sides not quite matching comp

I didn’t have enough fabric to make the lining from a single piece, but it worked out well because using two pieces meant the sheep on each side of the bag could all be facing the right way up! No spacesheep swirling in zero gravity. I had to put a little piece in between the two, just because of the amount of fabric I had, but I think it’s okay. Unfortunately the interfacing I had wasn’t good and I had some problems getting it to stick.

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Lining

I made the pocket and the straps from the teal background with ditsy-ish hens; sewing a 1/8 inch topstitch down the sides of the straps wasn’t easy and the result a bit wobbly, but when I unpicked the wobbly one quite late at night and redid it, only to then realise it  wasn’t the wobbly one I’d just done but the okay one, I decided to pack that in and just leave it alone. Sewing on the strap ends to the top of the back within a very small seam allowance, as per the instructions as I understood them, means I don’t think it would bear much weight. My attempt at it was messy, but you don’t see it when it’s finished.

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Strap sewn to top of bag

 

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The lining pinned face-to-face with the outer bag, ready to be sewn together.

I had immense difficulty fathoming out what the instruction for the base of the bag meant. Triangles were involved, and scarily, ‘snipping’ off their points (for ‘snipping’, read ‘hacking off 3 inches of material’). I only worked it out by setting up the bag as it would look when finished and trying various origami-type set-ups til the right one presented itself. Better diagrams in the pattern would have been appreciated. It’s amazing how often I find myself puzzled by pattern instructions; I think that’s where YouTube comes in. Still not sure it’s quite right, unless the edges are meant to have a fold a bit in from where they join the side fabric:

base comp

I left a hole in the lining and, again late at night, having sewn around the top of the lining and outer bag, with difficulty, and in a scene less bloody than ones on farming programmes but still reminiscent of calving, pulled the outer bag through the gap in the inner lining.

Only to find….

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no handles!

I’d trapped them between the bag and lining. So had to unpick it and do it again. Though I only unpicked the parts where the handles were, tied off the ends, and redid that part, thus avoiding the tricky bit where the side seams of the bag meet. I find sewing circular or tubular shaped things on the sewing machine really hard.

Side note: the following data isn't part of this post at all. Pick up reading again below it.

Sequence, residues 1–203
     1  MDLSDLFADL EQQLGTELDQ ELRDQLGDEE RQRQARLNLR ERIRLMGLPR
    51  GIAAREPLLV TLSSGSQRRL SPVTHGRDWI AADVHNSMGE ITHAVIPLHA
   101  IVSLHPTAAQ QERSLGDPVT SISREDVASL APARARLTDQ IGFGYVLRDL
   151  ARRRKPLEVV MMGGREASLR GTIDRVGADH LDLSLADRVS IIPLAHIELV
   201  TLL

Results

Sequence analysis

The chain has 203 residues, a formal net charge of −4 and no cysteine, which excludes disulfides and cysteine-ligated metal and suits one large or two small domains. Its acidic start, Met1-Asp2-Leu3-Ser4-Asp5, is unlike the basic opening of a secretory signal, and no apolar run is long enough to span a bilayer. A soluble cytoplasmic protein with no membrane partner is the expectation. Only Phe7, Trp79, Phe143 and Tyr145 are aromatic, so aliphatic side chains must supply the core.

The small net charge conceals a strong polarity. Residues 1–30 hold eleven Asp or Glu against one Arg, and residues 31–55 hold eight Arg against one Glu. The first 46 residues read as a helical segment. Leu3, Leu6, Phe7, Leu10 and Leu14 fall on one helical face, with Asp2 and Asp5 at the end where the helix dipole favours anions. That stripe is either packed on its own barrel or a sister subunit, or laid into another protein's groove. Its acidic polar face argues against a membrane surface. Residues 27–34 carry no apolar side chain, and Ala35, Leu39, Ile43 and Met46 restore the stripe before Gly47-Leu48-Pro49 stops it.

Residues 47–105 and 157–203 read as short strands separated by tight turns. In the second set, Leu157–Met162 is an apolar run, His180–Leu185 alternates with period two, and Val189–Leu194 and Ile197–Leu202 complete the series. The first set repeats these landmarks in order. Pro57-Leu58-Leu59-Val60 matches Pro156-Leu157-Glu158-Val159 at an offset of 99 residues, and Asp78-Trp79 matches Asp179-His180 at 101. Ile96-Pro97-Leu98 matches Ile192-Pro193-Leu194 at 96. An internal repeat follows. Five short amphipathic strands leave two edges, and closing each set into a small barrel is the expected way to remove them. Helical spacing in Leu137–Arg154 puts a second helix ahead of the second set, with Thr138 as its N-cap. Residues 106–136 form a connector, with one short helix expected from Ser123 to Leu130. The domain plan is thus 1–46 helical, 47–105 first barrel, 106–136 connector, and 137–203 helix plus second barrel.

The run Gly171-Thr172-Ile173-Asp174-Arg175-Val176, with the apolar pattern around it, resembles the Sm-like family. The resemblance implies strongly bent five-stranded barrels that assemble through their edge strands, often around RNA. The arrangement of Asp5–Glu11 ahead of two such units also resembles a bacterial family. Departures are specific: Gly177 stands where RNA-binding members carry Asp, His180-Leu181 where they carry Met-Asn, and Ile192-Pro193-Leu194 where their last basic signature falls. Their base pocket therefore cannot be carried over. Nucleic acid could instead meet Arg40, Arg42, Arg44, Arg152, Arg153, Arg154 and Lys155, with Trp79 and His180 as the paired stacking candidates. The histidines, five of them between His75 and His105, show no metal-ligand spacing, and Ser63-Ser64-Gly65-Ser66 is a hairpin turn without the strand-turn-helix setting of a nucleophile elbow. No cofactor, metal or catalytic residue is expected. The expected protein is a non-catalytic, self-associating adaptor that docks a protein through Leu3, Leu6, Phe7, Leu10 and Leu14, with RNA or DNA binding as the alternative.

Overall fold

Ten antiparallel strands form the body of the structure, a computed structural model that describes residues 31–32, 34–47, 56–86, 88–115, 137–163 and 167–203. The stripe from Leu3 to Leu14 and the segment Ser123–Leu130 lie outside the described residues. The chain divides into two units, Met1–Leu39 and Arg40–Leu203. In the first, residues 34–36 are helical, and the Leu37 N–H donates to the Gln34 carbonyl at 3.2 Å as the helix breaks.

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More like it!

Then after the magical ‘big reveal’ of turning it the right way round, some top stitching to keep it in place, and it was finished.

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side 2 finished comp

side 1 finished comp

 

A Happy New Year to all!

Changing seasons

We went on holiday to the North Pennines a month ago, but it doesn’t feel so long ago; so much crafting has been going on since then! Before we left, I finished this autumn jumper, in Rowan British sheep breeds boucle:

jumper

It’s perhaps a size too big (the last two having been a size smaller than I would have liked it seems this time I over-compensated), but I like it.

I took projects with me on holiday that I can’t do on the train so don’t get much attention unless I’m on leave… an ‘extreme knitting’ rug, the quilt back and leaf shapes to do applique, and my cross stitch cushion cover. Also the pieces for the next autumn block, the wool to knit snowmen Christmas tree decorations, and even some pieces to make cathedral window Christmas tree ornaments. Good to have a choice! In the end, I focussed on the cross stitch, though mostly when on the long car journey, and the rug. Neither are finished, but are close, if I could have continued to focus on them when I got back.

Had some nice days when away…

And some less nice…

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… but it was great to be away.

When we got back, I did finish the autumn block:

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This reused the dark orange fabric in the centre that came from a block I’d dismantled, and used most of what’s left of a fabric I bought on ebay at the beginning of the project and which is best used for ‘fussy cutting’ because the motifs aren’t close together. It is an old fabric, thin and frays easily, so I’m a bit worried about how long it will last in the quilt. It’s quite hard to sew fabrics of different thicknesses together and I know this has ‘issues’! The tan coloured fabric is Moda and is very useful for autumn projects.

A last burst of colour in a London park a couple of weeks ago  (complete with dustbin, sorry!):

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Since then, I’ve been working on a Christmas present which I really need to have finished by this coming Friday, when I’m getting the train to stay with my family for a bit as sadly I won’t see them at Christmas, so if I have it finished in time I can take it with me rather than trusting it to the post. It uses the sewing machine so really I can only do it at weekends – evenings in an emergency but I’m tired when I get home from work and make mistakes – but these last few weekends have been busy, with my husband’s family visiting and other things, so it’s not gone as smoothly as I’d have liked. I should finish it by working on it these next few evenings, it’s just something I’ve never done before so I’m doing a lot of reading and re-reading of instructions!